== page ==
Sunset walk

Sunset walk

Sunset walk

Sunset Walk

My best Korean tourist impression

By , June 17, 2013 11:34 am

Wat Pho (also spelled Wat Po) is next door to the Grand Palace and complements a palace visit nicely.  It is the largest and oldest wat in Bangkok, and is also known as the Temple of the Reclining Buddha (its official name is Wat Phra Chettuphon Wimon Mangkhlaram Ratchaworamahawihan).  It is also known as the home of the traditional Thai massage.  There is a bodhi tree in the Temple’s gardens that is supposed to be propagated from the original bodhi tree the Buddha sat beneath while awaiting enlightenment.

The image of the reclining Buddha is 15 m (49 ft) high and 43 m (150 ft) long.  It is the largest Buddha image in Thailand and was made to celebrate King Rama III’s restoration (1824 – 51 AD).  The image is decorated with gold leaf, and his eyes and feet are inlaid with mother-of-pearl.

The famous (and enormous!) Reclining Buddha

A few of the 108 bronze bowls lining the walls of the Temple of the Reclining Buddha.  People drop coins into the bowls for good luck (and to help the monks maintain the wat)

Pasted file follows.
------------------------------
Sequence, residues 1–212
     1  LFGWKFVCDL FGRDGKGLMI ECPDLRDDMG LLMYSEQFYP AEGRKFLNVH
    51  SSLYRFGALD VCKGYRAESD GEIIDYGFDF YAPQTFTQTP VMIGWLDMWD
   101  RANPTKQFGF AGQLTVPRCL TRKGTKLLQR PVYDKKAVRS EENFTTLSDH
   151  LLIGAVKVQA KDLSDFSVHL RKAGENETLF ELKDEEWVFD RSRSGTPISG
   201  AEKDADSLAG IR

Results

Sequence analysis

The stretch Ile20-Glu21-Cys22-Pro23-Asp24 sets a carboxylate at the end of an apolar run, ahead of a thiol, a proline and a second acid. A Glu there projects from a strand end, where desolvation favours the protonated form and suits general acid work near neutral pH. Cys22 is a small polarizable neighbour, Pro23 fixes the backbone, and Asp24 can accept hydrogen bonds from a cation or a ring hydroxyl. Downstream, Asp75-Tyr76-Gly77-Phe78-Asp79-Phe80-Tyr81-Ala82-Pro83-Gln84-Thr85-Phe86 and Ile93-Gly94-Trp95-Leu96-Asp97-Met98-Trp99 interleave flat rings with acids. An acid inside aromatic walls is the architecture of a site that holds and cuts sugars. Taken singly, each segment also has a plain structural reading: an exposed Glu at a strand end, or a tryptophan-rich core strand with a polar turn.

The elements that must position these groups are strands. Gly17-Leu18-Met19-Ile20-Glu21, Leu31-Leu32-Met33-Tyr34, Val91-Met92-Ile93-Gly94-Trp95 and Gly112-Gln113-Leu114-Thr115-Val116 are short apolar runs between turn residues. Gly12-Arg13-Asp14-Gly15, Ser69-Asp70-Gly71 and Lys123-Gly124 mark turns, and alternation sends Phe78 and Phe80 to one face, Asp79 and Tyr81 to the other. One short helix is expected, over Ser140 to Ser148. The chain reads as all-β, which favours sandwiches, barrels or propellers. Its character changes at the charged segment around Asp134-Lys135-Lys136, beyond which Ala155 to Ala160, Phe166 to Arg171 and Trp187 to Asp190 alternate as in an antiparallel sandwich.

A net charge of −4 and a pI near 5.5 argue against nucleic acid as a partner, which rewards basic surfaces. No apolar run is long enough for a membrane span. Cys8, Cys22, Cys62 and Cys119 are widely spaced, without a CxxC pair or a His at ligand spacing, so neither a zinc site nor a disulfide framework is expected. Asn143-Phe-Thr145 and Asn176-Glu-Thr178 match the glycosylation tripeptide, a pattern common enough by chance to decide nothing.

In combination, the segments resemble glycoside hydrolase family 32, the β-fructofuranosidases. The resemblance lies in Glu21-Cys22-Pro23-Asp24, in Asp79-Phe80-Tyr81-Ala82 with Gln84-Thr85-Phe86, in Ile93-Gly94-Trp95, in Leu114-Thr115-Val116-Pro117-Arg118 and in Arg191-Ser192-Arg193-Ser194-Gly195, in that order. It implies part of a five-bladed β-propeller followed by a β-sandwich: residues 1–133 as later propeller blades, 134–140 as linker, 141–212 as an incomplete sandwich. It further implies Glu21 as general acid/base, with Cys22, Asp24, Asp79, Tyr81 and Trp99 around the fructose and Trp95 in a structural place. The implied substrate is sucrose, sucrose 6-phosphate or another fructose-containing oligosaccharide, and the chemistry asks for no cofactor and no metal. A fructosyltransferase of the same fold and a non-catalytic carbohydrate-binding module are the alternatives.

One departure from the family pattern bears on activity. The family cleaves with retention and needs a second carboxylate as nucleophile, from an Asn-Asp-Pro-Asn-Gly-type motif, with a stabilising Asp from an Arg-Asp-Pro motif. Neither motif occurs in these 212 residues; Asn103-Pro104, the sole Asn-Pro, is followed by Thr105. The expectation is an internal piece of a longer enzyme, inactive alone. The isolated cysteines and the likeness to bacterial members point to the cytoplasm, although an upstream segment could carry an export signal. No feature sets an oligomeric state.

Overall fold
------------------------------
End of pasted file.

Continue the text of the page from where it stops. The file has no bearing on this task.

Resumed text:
The reclining Buddha is definitely not the only Buddha image to see in Wat Pho.  There are over 1000 Buddha images in the massive grounds.   Mom, Terry and I followed the crowds out, missing nearly half the grounds.  Since our tickets were single-entry, we couldn’t get back in without paying the entrance again.  Mike, who was lagging behind to take photos, wandered through the rest of the grounds while we waited outside.

If you’re planning to visit Wat Pho, please remember to wear respectful clothing.  No exposed shoulders, knees, or cleavage.  Entrance fee:  100 baht (~$3.30 CAD).

And because you can never share enough photos….

By , June 11, 2013 3:35 pm

Bangkok’s China Town is a popular tourist attraction.  It is centered around Yaowarat and Charoen Krung Roads, and contains many streets and alleys full of shops and vendors selling just about anything.  This is one of the oldest areas of Bangkok.

The main roads are lined with gold shop after gold shop by day, and are always packed full of customers.  The streets and alleys are lined with vendors selling fireworks, decorations, and every food item you can imagine.  At night, the gold shops are shut down and the food vendors come out to play.